Monthly Archives: May 2009

IASA NE Roundtable June 23 on Cloud Computing

I just wanted to pass along the notice for the June 23 meeting of the IASA NE Chapter, which will be a roundtable on “cloud computing” hosted by Microsoft but chaired by Michael Stiefel of Reliable Software.

Details and registration

(No, you do not need to be a member of IASA although of course we encourage that. Basic membership is free, and full membership is only $35. )

What should be interesting this time is that everyone seems to be doing something slightly different around cloud computing, whether it’s Amazon, Microsoft, Google, VMware, SalesForce, etc. Cloud computing is definitely an exciting new area, but like many other new and exciting areas it is subject to considerable hype and exaggeration. Good questions include:

  • What exactly can you do in the cloud?
  • What are the restrictions, if any, on the kind of programs and data you can put “in the cloud”?
  • Can you set up a private cloud if you want to?

I think the trend toward cloud computing is closely related to the trend toward commodity data centers, since you kind of need one of those to offer a cloud service in the first place. Like the ones James Hamilton describes in this powerpoint presentation, which I heard him present at HPTS 2007.  (Looks like James has left Microsoft and joined Amazon BTW.)

I would expect a lot of heated discussion from the folks who usually attend the IASA meetings. Attendance has been steadily increasing since we founded the local chapter about a year ago, so I would hope for and expect a very lively discussion.

As usual, the event includes networking time and food & drinks (not usually beer though – have to work on that I guess 😉

Please be sure to register in advance so Microsoft knows how much food to buy.

Thanks & hope to see you there!

Eric

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What we Learned Writing the Second Edition of the TP Book

After proofing the index last week, Phil and I are finally done with the second edition of the TP book!

A lot has changed since the first edition came out in 1997.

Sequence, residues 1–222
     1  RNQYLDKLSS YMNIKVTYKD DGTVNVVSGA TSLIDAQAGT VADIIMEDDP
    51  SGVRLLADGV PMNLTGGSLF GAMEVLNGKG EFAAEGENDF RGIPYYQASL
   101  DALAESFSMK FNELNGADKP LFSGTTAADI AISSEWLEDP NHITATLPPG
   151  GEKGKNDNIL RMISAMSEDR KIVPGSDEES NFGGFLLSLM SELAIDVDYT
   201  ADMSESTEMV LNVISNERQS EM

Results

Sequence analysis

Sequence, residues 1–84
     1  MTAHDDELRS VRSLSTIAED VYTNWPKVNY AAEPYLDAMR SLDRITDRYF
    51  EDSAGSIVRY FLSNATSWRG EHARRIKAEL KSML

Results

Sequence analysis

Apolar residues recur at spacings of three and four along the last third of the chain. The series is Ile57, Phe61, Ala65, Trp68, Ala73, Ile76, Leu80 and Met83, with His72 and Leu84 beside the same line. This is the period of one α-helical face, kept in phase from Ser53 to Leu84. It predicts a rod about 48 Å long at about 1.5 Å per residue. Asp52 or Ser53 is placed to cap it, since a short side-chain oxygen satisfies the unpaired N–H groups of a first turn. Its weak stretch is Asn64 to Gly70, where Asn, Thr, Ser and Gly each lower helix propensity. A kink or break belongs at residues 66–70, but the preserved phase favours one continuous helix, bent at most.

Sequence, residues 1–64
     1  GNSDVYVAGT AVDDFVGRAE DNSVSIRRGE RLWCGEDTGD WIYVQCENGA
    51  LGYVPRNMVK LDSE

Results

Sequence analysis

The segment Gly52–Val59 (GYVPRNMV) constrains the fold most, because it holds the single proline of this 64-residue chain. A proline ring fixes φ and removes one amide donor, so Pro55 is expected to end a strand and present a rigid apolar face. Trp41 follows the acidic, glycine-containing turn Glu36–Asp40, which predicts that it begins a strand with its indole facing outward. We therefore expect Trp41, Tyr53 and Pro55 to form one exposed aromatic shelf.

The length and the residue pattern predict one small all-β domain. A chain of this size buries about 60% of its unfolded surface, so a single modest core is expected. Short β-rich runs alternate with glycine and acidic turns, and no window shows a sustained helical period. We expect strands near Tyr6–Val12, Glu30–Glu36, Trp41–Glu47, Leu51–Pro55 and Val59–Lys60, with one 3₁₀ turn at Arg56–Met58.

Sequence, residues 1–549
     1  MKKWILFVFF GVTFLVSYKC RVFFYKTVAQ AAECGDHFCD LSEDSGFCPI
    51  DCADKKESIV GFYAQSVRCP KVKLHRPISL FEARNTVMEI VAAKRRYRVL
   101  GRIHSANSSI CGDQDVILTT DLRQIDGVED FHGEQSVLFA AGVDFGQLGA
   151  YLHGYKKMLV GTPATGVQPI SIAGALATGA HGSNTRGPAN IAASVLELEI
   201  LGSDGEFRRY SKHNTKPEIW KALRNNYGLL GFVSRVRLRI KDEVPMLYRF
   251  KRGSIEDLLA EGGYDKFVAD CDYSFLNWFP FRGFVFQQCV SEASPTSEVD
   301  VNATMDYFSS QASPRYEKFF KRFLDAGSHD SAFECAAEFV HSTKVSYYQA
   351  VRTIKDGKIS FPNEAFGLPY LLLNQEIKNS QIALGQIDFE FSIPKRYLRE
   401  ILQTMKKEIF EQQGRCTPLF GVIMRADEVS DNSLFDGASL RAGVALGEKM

For one thing, the TP monitor is no longer the main product type used to construct TP  applications. Many components formerly only found within TP monitors — such as forms systems for GUIs, databases, system administration tools, and communication protocols — have evoloved to become independent products.

And although we can reasonably claim that the .NET Framework and Java EE compliant application servers are the preeminent development and production environments for TP applications, it seems as if the three-tier application architecture around which we were able to structure the first edition has evolved into a multitier architecture.

Another big change is represtented by the emergence of “scale out” designs that are replacing “scale up” designs for large Web sites. The scale out designs tend to rely on different mechanisms than the scale up designs for implementing transaction processing features and functions – the scale out designs tend to rely much more on stateless and asynchronous communications protocols, for example.

By mid-2007 I had started to think it would be interesting to center the second edition around these new scale out architectures, like those implemented by large scale Web sites such as Amazon.com, eBay, PayPal, SalesForce, BetFair, etc. Phil and I had a great opportunity to learn about what these companies were doing at HTPS in October of ’07 . Unfortunately, it was impossible to identify sufficiently common patterns to do so, since each of the large Web sites has created a different way to implement a “scale out” architecture.

(BTW this was a fascinating conference, since the room was full of people who basically created the application servers, TP monitors, and relational databases successfully used in most “scale up” style TP applications. But they had to sit there and hear, over and over again, that these products just didn’t meet the requirements of large Web sites.)

Nonetheless we managed to fit everything in the book – how caching is done, replication, how replicas synchronize, descriptions of compensating and nested transactions, locking, two-phase commit, synchronous and asynchronous communications, RESTful transactions, and so on.

As in the first edition we have kept the focus on what’s  really being used in production environments (with the help of our many generous reviewers). We completely rewrote the product information to focus on current Java and .NET products and TP standards.

And finally, we idenfity the future trends toward commodity data centers, cloud computing, solid state disk, and multi-core processors, among others, which are going to significantly impact and influence the industry during the next decade or so.

One of the most interesting things I learned about in doing the book was how to design a transaction as a RESTful resource (see RESTful Web Services for more details). But once again, many of the familiar principles and concepts still apply – such as “pseudo-conversations” that have been used in TP applications for a long time to avoid holding locks during interactions with users.

Fascinating to me are the different assumptions people make in the different worlds between the REST/HTTP “scale out” designs and the mainframe-derived “scale up” designs. This is likely to remain an area of continual evolution.